Summary: An analysis of the account regarding the announcement of the birth of Jesus will show us how to respond to God's word.

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Let us continue our study in the Gospel of Luke that I am calling, “To Seek and to Save the Lost.” Today I would like to study the passage in which we see the birth of Jesus foretold.

The announcement—or, annunciation—of the angel Gabriel to Mary that she will conceive and bear a son has been painted by scores of artists throughout the centuries. Leonardo da Vinci’s Annunciation (c. 1472 – 1775) is housed in the Uffizi Gallery of Florence, Italy. Da Vinci depicts Mary sitting outside her house reading the Old Testament Scriptures. The angel Gabriel is in front of her and greeting her. He is holding a Madonna lily in his left hand, which is a symbol of her purity. Interestingly, many of the “annunciation” paintings have a lily somewhere in the scene. Mary appears calm, although we know from Luke that she was initially “greatly troubled” (1:29). Mary was about to receive the greatest announcement that had ever been given to a person.

Let’s read about it in Luke 1:26-38:

26 In the sixth month the angel Gabriel was sent from God to a city of Galilee named Nazareth, 27 to a virgin betrothed to a man whose name was Joseph, of the house of David. And the virgin’s name was Mary. 28 And he came to her and said, “Greetings, O favored one, the Lord is with you!” 29 But she was greatly troubled at the saying, and tried to discern what sort of greeting this might be. 30 And the angel said to her, “Do not be afraid, Mary, for you have found favor with God. 31 And behold, you will conceive in your womb and bear a son, and you shall call his name Jesus. 32 He will be great and will be called the Son of the Most High. And the Lord God will give to him the throne of his father David, 33 and he will reign over the house of Jacob forever, and of his kingdom there will be no end.”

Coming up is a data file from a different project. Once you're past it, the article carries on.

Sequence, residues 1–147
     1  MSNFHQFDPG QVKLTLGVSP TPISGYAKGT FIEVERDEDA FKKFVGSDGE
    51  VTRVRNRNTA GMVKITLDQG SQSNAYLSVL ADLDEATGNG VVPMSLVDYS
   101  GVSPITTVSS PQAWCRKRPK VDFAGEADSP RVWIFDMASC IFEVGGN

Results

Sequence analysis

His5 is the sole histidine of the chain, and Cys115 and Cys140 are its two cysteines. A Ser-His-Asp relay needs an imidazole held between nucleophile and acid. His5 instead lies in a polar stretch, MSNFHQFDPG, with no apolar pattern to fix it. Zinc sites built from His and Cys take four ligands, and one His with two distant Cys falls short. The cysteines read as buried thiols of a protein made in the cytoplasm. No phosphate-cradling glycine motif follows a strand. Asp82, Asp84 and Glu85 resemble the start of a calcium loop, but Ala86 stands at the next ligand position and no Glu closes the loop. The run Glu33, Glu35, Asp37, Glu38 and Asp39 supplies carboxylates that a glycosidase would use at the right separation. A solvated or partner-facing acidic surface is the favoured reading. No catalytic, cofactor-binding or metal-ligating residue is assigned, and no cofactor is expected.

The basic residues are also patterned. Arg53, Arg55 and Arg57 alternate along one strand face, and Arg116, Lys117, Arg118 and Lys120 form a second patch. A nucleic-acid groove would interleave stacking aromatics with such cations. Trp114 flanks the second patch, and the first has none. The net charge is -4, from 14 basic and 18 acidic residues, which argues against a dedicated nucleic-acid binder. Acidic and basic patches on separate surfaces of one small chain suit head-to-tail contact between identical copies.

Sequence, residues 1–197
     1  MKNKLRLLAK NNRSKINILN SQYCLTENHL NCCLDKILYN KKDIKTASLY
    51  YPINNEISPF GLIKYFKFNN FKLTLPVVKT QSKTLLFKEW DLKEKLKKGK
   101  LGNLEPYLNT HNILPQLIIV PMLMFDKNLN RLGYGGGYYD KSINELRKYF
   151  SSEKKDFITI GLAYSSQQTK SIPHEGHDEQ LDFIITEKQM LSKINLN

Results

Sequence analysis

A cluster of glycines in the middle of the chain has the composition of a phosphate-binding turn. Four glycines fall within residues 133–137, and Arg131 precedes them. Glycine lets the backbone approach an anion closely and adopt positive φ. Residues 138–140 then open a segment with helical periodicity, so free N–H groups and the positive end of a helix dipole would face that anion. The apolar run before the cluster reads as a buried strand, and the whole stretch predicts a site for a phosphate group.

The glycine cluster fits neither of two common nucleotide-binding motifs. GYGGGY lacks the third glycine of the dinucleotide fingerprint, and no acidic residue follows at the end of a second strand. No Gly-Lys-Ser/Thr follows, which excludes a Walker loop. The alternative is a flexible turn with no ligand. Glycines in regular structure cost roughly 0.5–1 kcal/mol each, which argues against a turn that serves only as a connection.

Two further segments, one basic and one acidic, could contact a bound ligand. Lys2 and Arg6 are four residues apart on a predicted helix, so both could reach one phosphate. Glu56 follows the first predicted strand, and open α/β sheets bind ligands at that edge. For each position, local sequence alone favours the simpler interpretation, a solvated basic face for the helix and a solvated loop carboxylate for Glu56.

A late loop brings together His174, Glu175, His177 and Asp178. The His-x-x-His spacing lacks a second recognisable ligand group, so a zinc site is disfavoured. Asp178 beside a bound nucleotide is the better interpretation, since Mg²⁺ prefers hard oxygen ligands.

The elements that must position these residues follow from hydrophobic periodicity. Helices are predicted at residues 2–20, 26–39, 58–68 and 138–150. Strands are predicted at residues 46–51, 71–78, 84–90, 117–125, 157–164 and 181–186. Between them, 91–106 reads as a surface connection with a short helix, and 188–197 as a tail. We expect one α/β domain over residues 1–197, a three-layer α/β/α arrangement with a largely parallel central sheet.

34 And Mary said to the angel, “How will this be, since I am a virgin?”

35 And the angel answered her, “The Holy Spirit will come upon you, and the power of the Most High will overshadow you; therefore the child to be born will be called holy—the Son of God. 36 And behold, your relative Elizabeth in her old age has also conceived a son, and this is the sixth month with her who was called barren. 37 For nothing will be impossible with God.” 38 And Mary said, “Behold, I am the servant of the Lord; let it be to me according to your word.” And the angel departed from her. (Luke 1:26-38)


One British Bible commentator says that if you ask a newspaper editor what sort of stories will sell the most copies, three categories come swiftly to mind: sex, royalty, and religion. If they can be combined, so much the better. “POP STAR’S LOVE CHILD” is good; “PRINCESS HAS SECRET AFFAIR” is better; “KING’S SECRET NIGHT WITH NUN” is better still.

So when people read the story of Gabriel visiting Mary, with the child to be born being the future Lord of the world, their minds easily jump in the way the newspapers have conditioned them to do. People have read into the story all sorts of things that aren’t there, and have failed to notice some of the really important things that are there.

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